Reality Check: An inadvertent lesson in how reality TV shows are made

Emily Fehrenbacher

There was a lot of Alaska reality TV news this week, but it was pretty light in terms of actual broadcasts. Before we jump in, an account of my up-close-and-personal encounter with reality TV.

Let me set the scene: It's an unseasonably warm, foggy Saturday night in Talkeetna. It seemed downtown was in its quiet winter slumber, until I heard noise coming from the Sheldon Community Arts Hangar. It was the annual Bachelor Auction and Wilderness Woman Competition, and apparently every young female legal clerk and new-to-Alaska AmeriCorps VISTA volunteer in the state, plus a couple of cougars with actual money, had made the trip from Anchorage to bid on the eligible men of Alaska's quirkiest town.

As I was walked into the auction my spirits were dampened by a sign on the door. The event was being recorded by a reality TV film crew, it said, and by stepping into the room I was basically signing my life away. The notice concluded, "IF YOU DO NOT AGREE, PLEASE LEAVE THE FILMING AREA."

This is the reality of reality TV: just by entering an event I had paid to attend, I was giving (I later learned) the Travel Channel the rights to use video of me "for all purposes throughout the world without limitation." It was suddenly clear how they got all those crowd shots at bars on "Jersey Shore."

Despite my objections to this ridiculous "contract," I decided to stay at the Bachelor Auction. The camera crew and producer were taking plenty of crowd shots and would focus on the women who got rowdy. They would step outside to interview bachelors that created a scene and went for a lot of money.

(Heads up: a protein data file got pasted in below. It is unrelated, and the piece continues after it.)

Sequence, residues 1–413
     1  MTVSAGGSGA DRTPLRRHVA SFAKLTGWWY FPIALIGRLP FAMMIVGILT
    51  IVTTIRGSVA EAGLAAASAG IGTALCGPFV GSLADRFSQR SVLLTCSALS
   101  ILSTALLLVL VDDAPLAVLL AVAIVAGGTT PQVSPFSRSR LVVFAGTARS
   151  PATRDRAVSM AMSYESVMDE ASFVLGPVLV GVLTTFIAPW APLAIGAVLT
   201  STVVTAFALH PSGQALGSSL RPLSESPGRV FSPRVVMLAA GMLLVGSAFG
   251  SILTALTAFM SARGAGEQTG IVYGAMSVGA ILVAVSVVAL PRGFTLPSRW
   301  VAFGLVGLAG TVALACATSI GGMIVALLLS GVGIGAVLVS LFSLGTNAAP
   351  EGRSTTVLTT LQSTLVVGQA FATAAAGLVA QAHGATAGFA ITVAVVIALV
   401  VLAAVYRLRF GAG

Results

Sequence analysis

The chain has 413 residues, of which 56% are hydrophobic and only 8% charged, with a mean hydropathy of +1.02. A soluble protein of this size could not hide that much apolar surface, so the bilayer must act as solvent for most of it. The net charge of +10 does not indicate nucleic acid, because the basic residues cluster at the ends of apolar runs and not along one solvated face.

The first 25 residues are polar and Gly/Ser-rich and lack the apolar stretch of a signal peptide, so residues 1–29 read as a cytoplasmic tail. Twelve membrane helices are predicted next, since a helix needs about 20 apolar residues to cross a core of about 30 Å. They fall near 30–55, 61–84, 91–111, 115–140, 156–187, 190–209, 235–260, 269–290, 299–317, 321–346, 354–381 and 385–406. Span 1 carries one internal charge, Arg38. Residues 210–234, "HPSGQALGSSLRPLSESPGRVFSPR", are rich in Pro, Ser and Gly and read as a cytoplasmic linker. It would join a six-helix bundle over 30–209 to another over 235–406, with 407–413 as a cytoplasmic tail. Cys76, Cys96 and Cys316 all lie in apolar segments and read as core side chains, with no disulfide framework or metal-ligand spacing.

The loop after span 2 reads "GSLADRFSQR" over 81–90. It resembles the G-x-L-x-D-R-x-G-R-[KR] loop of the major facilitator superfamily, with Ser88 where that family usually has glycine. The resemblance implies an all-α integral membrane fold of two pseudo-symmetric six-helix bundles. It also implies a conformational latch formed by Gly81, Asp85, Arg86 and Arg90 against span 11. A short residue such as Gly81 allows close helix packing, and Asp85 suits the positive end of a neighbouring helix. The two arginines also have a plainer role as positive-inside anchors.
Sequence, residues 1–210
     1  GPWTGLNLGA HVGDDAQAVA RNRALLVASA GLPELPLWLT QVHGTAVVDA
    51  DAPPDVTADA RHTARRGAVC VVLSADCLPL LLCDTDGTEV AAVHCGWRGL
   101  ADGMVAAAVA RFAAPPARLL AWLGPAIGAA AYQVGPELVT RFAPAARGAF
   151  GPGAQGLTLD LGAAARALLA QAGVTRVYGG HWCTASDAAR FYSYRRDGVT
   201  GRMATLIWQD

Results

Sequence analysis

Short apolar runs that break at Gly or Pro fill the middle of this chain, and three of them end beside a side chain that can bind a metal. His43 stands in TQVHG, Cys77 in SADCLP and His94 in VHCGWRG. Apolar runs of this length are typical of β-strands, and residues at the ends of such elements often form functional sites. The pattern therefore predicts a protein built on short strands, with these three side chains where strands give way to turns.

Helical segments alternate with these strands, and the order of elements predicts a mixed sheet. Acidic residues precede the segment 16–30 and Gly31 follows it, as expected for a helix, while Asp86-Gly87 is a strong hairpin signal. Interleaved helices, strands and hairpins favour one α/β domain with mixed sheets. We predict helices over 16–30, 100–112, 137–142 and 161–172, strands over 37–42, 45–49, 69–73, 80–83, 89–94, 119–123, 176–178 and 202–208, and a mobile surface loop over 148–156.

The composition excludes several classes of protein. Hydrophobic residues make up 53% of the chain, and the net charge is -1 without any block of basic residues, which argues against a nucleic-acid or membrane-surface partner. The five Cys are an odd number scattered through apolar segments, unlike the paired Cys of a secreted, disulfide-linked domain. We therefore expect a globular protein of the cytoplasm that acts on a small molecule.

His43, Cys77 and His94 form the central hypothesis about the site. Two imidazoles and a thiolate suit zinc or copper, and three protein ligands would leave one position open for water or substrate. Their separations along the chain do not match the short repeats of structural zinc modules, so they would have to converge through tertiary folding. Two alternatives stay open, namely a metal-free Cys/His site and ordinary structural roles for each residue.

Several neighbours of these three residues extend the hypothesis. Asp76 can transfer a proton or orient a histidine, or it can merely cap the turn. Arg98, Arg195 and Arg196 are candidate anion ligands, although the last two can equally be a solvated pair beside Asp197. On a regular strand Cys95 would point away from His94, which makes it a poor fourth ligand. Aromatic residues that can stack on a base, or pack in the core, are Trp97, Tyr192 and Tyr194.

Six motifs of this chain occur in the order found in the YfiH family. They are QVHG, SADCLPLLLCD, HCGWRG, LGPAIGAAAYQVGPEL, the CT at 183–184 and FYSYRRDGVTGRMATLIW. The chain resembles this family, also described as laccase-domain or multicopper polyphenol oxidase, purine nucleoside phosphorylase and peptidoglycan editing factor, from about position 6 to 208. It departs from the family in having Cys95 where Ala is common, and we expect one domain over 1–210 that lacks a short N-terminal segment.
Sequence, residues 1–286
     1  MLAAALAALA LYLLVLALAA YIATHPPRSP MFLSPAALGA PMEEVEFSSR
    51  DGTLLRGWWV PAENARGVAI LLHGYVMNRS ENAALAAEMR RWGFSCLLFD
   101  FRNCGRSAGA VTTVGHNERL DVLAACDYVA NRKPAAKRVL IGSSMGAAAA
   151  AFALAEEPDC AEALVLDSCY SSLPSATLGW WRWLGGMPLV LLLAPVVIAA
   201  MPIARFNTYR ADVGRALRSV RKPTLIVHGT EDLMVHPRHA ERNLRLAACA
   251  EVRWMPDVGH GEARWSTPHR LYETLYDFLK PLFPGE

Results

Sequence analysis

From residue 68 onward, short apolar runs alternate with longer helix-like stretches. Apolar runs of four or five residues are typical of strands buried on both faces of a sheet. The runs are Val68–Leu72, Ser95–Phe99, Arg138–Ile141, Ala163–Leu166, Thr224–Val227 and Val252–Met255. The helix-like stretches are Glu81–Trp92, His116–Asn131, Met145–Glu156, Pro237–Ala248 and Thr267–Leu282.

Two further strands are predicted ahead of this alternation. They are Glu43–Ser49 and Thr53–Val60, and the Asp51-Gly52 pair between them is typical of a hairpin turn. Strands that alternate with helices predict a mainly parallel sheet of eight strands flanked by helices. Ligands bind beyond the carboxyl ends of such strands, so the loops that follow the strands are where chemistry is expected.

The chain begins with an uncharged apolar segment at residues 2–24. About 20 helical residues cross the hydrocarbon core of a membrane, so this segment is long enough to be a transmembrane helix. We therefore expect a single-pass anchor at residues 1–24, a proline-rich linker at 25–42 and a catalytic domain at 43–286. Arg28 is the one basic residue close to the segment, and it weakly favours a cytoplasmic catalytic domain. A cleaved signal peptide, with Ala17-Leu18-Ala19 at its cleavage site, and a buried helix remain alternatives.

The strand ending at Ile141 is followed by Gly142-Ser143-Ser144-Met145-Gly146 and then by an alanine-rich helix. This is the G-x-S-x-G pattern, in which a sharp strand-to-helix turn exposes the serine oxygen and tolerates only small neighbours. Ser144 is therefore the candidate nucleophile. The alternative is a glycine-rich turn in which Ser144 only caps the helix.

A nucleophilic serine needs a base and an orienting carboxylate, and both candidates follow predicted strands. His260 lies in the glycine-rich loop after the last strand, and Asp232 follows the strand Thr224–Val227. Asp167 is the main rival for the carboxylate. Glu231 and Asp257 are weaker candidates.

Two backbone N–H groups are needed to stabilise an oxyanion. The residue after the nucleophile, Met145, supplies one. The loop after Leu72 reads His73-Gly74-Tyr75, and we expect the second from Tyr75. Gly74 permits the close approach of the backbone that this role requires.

As a self-proclaimed connoisseur of reality TV, I always thought my behavior would not change in the presence of cameras, but it did. I drank less (alcohol was not in short supply during this event) and tried to make sure I appeared far too ordinary to put on TV. I also found myself moving away from the cameras when they'd sweep the crowd. I realized the kind of reality TV I love is the kind I would never want to actually be on.

This week in Alaska reality TV news:

-- "The Amazing Race" season finale took place in Juneau and aired on Dec. 8. The final three couples competed in a series of "typical" Alaska challenges including: supply drops of flour from Bush planes, putting together totem pole puzzles, kayaking and ice climbing. The series ended in a random backyard on North Douglas Island. I haven't watched this season of "The Amazing Race," but the couple that won were obnoxious with their overuse of the word "babe."

-- It was announced that the Sportsman Channel (Channel 306 for those of you with fancy enough subscriptions) has hired Sarah Palin to host a new show that will celebrate the "red, wild and blue" lifestyle. This is just the first of many plays-on-words that are sure to come out of "Amazing America with Sarah Palin." Palin's previous show, "Sarah Palin's Alaska," walked the line between being an Alaska tourism ad and really long political commercial. I'm guessing that's what we can expect here too, as the Sportsman Channel also brings us "NRA News," which, according to their website, "features 'in-depth' news and views of the Second Amendment and other freedom-related issues."

-- Discovery Channel's "Gold Rush" and "Bering Sea Gold" were at the top of Friday night's cable TV show ratings. "Bering Sea Gold" is a highly entertaining show about underwater gold miners in Nome.

-- Reminder: Season two of "Ultimate Survival Alaska" begins on Sunday on National Geographic Channel. NGC will be airing a marathon of season one on Saturday afternoon, so if we get more freezing rain, you will have something to do.

• Emily Fehrenbacher lives in Anchorage, where she writes about reality TV


By Emily Fehrenbacher
Daily News correspondent